The Amazing Perks Of A Weekend Alone


Have you ever had the urge to get away by yourself? Just luxuriate in your own company? Laurie experienced just that when she recently spent a weekend alone. 

By Laurie Stone

Have you ever had the urge to get away by yourself? Just luxuriate in your own company? I recently spent a weekend alone. It was incredible. And afterwards, I realized it helped in several vital ways.


I didn’t have to go far: I traveled all of 30 minutes to a beautiful seaside inn on Long Island Sound. I had a lovely view of the water and because I was away Thursday and Friday nights, rates were cheaper.

I could’ve saved money and picked a boring business hotel, but that’s not what this was about. I wanted somewhere beautiful, restorative and inspirational. I wanted to treat myself. If I was going to do this, I wanted to do it right. 

An Adult Experience

Checking in. Having luggage brought to my room. Tipping the bellman. After 35 years, these are things usually done by my more worldly, well-traveled husband. I’m not used to navigating the world alone.

Yet later, as I sat on that big, comfortable bed, I realized I liked it. I wondered why I hadn’t done it more often, especially when the kids were younger and I could’ve used this break. 

Expanding My Horizon

motherhood, guilty pleasures, meals, mother, worrying, hopeful, boys, asleep, pedometerMany older females are in that sweet spot — kids grown, more freedom and with luck, we still have our health. There’s something “anything goes” about this time. If we don’t start pushing the envelope and exploring who we are now, when will we? Life at this time is like fine, aged wine. Pull out a bottle and drink up.

I can’t think of anything sadder than getting to the nursing home and thinking, “If only.” If only we had taken a chance. If only we had explored who we were on our own, not just in the roles of wife and mother. If only we had allowed ourselves adventures.

Solitude Is Important

Anna Morrow Lindberg, wife of aviator Charles Lindberg, occasionally had solo weekends — and sometimes weeks by herself. She called this time “sinking into oneself” and believed it was vital for women. She wrote the bestseller, A Gift from the Sea, about time alone.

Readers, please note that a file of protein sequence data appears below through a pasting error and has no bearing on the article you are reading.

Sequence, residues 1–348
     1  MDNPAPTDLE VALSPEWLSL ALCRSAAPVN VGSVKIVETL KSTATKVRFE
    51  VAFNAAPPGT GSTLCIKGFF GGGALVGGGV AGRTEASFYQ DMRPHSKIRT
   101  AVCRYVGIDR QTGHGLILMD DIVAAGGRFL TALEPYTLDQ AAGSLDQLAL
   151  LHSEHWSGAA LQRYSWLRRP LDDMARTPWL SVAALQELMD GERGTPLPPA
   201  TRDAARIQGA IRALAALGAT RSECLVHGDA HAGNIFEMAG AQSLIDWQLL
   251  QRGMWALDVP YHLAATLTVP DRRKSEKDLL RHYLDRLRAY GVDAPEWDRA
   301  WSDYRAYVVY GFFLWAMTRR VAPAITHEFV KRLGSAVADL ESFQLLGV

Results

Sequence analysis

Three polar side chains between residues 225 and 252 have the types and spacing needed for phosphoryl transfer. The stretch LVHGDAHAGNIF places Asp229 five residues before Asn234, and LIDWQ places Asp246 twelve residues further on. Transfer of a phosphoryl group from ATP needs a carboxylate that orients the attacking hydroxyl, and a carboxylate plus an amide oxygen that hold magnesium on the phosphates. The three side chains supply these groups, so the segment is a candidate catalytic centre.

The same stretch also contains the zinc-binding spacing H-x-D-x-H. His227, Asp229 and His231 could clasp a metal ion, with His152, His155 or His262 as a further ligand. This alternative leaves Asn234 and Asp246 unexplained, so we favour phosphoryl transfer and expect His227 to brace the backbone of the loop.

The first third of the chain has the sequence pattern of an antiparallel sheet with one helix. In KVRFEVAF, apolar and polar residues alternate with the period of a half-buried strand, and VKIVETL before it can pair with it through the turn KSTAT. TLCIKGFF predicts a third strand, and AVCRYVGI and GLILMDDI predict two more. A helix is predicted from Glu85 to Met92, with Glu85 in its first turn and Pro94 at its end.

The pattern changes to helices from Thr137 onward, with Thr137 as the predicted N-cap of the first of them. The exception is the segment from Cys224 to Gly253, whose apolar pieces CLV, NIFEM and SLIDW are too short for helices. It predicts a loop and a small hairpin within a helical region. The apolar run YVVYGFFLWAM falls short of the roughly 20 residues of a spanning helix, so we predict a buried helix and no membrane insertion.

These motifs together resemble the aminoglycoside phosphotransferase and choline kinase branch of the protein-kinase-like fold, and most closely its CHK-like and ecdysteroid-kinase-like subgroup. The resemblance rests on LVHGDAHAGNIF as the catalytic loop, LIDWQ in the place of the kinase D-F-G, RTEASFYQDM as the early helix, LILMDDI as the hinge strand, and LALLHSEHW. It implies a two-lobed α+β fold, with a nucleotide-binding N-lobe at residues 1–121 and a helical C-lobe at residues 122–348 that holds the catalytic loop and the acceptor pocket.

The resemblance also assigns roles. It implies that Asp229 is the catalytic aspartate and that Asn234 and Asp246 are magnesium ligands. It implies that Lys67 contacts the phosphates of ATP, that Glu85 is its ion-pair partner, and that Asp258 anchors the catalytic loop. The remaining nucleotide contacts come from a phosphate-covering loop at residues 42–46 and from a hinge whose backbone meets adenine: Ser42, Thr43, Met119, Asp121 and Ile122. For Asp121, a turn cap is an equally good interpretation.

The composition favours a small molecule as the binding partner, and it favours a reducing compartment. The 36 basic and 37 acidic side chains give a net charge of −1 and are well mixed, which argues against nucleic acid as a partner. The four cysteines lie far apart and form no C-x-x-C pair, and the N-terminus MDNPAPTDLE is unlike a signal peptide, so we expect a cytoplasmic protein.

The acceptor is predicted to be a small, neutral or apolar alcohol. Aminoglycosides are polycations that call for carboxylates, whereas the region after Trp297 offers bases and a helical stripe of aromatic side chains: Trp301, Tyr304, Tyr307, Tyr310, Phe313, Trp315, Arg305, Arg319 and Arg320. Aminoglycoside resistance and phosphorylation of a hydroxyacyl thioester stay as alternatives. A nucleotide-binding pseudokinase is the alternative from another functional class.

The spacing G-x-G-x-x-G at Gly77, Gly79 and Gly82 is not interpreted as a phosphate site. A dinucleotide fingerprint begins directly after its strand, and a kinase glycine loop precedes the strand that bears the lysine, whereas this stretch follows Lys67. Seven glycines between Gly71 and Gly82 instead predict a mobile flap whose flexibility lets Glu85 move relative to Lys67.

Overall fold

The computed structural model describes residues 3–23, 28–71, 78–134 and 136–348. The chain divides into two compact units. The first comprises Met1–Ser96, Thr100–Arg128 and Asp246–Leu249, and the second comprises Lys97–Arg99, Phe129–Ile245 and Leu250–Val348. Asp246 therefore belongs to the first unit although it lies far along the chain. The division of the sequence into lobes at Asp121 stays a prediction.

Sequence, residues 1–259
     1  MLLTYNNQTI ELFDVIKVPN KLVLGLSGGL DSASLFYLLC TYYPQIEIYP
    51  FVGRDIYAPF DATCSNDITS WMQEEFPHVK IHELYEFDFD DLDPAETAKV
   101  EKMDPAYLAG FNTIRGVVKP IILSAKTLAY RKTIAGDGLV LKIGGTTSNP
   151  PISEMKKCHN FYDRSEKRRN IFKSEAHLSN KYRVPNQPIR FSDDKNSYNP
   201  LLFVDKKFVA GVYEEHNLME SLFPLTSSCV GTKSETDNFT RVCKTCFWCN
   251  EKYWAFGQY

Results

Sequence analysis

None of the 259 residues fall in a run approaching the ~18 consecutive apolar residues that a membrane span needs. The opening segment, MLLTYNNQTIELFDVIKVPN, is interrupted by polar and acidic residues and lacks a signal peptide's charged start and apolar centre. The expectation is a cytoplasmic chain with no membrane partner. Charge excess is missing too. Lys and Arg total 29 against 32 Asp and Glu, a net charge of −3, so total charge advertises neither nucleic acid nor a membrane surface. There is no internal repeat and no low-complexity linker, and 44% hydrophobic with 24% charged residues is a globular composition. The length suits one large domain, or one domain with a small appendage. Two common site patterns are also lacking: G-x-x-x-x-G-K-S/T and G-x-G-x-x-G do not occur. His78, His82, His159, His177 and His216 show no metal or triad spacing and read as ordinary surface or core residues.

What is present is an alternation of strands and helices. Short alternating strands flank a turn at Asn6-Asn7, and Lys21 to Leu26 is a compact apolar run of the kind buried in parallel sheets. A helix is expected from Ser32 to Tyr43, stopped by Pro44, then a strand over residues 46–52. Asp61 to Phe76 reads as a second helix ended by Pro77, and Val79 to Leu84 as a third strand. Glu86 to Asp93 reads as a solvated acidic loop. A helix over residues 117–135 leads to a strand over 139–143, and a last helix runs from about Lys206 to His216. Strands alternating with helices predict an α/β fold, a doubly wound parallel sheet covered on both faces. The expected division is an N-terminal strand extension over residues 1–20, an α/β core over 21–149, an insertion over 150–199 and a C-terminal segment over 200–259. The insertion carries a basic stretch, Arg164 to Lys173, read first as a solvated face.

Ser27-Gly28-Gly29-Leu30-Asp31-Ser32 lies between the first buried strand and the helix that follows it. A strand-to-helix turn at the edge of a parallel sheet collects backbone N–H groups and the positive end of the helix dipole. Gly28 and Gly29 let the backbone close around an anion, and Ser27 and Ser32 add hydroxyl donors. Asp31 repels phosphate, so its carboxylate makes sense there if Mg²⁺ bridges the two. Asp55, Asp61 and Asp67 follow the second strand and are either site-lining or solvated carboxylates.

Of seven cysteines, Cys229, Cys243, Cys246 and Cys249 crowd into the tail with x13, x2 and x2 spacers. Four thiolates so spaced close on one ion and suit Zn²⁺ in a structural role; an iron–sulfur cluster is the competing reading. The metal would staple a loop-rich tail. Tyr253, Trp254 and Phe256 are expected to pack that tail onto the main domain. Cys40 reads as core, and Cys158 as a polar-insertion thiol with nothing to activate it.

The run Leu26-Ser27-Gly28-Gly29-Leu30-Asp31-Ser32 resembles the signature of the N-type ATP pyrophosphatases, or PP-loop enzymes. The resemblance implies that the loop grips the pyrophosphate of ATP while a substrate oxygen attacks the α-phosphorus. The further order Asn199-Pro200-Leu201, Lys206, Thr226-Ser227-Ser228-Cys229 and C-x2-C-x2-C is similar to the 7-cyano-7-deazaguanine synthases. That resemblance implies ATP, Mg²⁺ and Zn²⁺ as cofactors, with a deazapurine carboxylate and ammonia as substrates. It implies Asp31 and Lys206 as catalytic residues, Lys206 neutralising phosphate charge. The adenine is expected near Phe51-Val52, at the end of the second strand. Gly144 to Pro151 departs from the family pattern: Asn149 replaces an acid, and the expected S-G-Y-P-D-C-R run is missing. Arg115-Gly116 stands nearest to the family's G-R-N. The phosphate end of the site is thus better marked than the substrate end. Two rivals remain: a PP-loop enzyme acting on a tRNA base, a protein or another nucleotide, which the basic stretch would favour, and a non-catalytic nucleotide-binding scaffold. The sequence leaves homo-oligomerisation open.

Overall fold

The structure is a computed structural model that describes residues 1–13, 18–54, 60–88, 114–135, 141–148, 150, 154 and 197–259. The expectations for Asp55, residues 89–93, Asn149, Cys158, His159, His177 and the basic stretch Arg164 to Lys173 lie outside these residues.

Mother of six (including her kidnapped baby), she felt solitude essential in finding her true essence. This in turn breeds confidence. We realize we’re capable of much more than we knew.

Learning About Myself

I always knew I was an introvert with no problem spending tons of time alone. I love reading and writing. But I also learned I need people and was grateful I booked dinner both nights with friends.

I thought I’d sleep late but rose at 7 each morning with coffee in my room. Everything was quiet and still. I wrote in my journal, read, took long walks and sometimes wondered what was going on back home. A few times I sighed with contentment. I liked it so much, I felt guilty.

Free to Be

Sometimes it’s necessary to step out of our lives. And it’s different than staying home alone for the weekend. In the house there’s always laundry, cooking and cleaning. The dog has to be walked and the cat fed. At home, even by yourself a few days, you’re still in charge. And that’s a different feeling than being untethered somewhere else.

To get the full effect of solitude, you have to go somewhere without distractions. Then you’re able to concentrate on what you love. You’re free to listen to your inner voice.

Appreciative of What I Have

After two days I came back refreshed to my beloved home. My husband and two sons did a surprisingly good job keeping the home fires burning. “How was your time away?” Randy asked, as I started to unpack. I gave him a kiss. “It was just what I needed. Thank you.”

I realized then how he’s always supported my growth in life. I’m grateful and lucky.

Looking Ahead

Now I’m working my way up to somewhere further, maybe even a solo stay in Manhattan. Beyond that, who knows? This weekend was simple, but it’s the first chapter of what I hope will be many.

My husband’s burnt out on travel. One hundred business flights a year will do that.  So that leaves me, at least for now, to my own devices. What’s next? California? Paris? India?

The world beckons.

Laurie Stone writes from the woods of Easton, Conn. Her blog, “Musings, Rants &Scribbles,” shares thoughts on growing up, older and (hopefully) wiser. Follow her on FacebookTwitter, and Pinterest.

3 Responses to “The Amazing Perks Of A Weekend Alone”

  1. I’m a big believer in solo time. I’m off tomorrow for 5 weeks alone in my little NY state home!

  2. Rena says:

    I met my husband on a Friday 32 years ago and we’ve never spent a night apart since! I love him dearly, but I’ve always secretly dreamed of traveling solo somewhere. Either the Outerbanks in NC or a cross-country drive to Seattle. It would break his heart to be left behind though so I don’t

  3. Diane says:

    I admire your courage, Laurie. I would love to do this, but I’m not sure I have quite the adventurous ‘chops’ it would take. I’m the one who packs my suitcase and shows up after Husby has made all the arrangements.
    It does sound like heaven, though…


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